The California High-Speed Rail Authority is going forward with a potential $1.6 billion Request for Proposals process for a 30-year track and systems contract for the beleaguered and scaled-back Northern-to-Southern California bullet train project, despite previous objections from the Federal Railroad Administration. The authority issued the request to three design-build groups Dec. 19, one day after the California High-Speed Railway Authority CEO Brian Kelly said it received the FRA’s letter stating it would not approve the RFP as written. The administration raised more than one objection to the authority’s plans to issue such a large contract when it was still, according to the Federal Railroad Administration, still struggling with delays related to ongoing construction and had failed to demonstrate funding commitments for the new work. Kelly stated before the board members that the authority would reach out to the FRA to look into its concerns and discuss potential RFP changes, which mainly pertained to technical elements.
Further info about the project:
The Northern-to-Southern California bullet train will have a total cost of US$77 billion. However, soon after the Governor of California, Gavin Newsom took office last year, he temporarily put away all but the 119-mile, $10.6 billion part of the route between Bakersfield and Merced. The currents firms that are running for the project are The Weitz Company LLC, Bombardier Transportation (Global Holding) UK Limited, Fluor Enterprises Inc., Balfour Beatty Infrastructure Inc, among several others.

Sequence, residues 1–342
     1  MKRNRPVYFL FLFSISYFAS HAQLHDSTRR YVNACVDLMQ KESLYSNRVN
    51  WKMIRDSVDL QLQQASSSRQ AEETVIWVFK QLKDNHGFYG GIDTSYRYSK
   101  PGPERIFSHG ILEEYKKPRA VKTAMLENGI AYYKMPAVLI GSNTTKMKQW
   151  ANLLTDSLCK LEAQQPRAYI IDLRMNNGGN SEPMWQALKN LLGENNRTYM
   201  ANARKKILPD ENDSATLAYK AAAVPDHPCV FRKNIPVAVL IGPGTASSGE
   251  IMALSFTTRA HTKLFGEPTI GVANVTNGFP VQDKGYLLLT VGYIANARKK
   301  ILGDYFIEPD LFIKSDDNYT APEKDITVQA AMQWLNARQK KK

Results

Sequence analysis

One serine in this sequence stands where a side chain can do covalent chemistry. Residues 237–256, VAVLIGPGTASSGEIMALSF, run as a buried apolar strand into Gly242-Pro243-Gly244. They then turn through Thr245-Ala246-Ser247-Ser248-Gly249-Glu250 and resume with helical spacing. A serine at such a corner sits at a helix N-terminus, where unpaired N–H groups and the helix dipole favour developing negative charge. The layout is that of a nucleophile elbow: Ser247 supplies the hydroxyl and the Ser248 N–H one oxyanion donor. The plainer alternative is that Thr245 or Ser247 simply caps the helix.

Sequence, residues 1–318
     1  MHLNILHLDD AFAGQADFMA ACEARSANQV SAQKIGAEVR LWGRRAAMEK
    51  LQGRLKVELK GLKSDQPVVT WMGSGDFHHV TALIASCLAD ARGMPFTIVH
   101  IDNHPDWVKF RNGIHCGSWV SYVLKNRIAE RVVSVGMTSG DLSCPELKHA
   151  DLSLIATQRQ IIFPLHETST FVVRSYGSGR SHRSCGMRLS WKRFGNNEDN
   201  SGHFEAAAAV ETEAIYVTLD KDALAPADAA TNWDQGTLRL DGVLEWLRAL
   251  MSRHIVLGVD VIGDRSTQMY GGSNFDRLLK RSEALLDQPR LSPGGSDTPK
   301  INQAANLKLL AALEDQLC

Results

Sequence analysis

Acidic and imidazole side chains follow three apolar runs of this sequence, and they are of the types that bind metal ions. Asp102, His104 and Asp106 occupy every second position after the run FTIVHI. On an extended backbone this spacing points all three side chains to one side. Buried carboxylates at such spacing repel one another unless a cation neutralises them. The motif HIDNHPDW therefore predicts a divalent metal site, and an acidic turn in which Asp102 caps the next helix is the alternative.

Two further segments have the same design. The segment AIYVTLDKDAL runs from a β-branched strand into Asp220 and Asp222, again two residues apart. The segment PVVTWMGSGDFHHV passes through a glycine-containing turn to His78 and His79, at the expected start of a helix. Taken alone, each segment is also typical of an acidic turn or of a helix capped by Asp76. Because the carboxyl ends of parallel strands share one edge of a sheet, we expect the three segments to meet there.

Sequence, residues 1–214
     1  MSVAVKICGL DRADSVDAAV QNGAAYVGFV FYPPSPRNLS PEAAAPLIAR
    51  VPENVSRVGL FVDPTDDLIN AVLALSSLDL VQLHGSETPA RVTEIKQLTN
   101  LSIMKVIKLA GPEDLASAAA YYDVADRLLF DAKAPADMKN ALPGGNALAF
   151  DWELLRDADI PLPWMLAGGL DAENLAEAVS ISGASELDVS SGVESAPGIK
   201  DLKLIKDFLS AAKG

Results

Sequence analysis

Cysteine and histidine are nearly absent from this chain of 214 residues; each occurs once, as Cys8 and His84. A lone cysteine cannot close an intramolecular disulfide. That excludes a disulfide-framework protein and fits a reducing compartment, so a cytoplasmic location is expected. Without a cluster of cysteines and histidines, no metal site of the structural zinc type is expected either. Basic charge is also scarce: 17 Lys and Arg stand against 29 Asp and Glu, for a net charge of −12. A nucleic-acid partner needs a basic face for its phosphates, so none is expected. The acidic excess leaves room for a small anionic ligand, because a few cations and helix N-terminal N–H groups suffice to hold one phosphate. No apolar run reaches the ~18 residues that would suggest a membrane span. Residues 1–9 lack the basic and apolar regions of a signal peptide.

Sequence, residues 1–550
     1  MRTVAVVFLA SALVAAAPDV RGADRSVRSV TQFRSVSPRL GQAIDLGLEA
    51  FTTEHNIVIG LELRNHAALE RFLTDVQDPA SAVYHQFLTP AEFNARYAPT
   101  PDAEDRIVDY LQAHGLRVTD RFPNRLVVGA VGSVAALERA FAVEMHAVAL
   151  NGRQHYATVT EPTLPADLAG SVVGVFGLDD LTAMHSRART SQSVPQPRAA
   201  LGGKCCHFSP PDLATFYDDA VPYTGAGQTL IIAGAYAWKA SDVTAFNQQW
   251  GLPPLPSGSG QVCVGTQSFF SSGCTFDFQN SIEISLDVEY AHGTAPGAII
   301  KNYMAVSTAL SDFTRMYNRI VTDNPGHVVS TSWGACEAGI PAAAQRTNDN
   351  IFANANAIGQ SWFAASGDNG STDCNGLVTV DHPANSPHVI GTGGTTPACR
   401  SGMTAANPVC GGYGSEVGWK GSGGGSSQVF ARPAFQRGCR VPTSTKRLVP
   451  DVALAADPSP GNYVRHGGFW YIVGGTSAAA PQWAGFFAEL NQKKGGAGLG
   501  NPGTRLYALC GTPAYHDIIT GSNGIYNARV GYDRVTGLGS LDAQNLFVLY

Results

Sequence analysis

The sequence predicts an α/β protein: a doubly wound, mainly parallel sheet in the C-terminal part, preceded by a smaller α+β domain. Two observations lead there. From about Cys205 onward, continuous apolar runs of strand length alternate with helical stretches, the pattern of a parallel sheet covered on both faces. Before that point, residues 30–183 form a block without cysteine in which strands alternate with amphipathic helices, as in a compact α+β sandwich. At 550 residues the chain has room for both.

The track is expected to cover future track from San Jose to Bakersfield, more than half the proposed Los Angeles-to-San Francisco system. The bullet train project obtained two grants previously during the Obama administration for a total of about $3.5 billion. In early 2019, the U.S. Department of Transportation ended a 2010 grant for $929 million that had not been spent. Under the federal grants, the state has to complete 119 miles of rail structures and install the tracks in the Central Valley by 2022, but there is no requirement for electrical power, signals or a maintenance facility.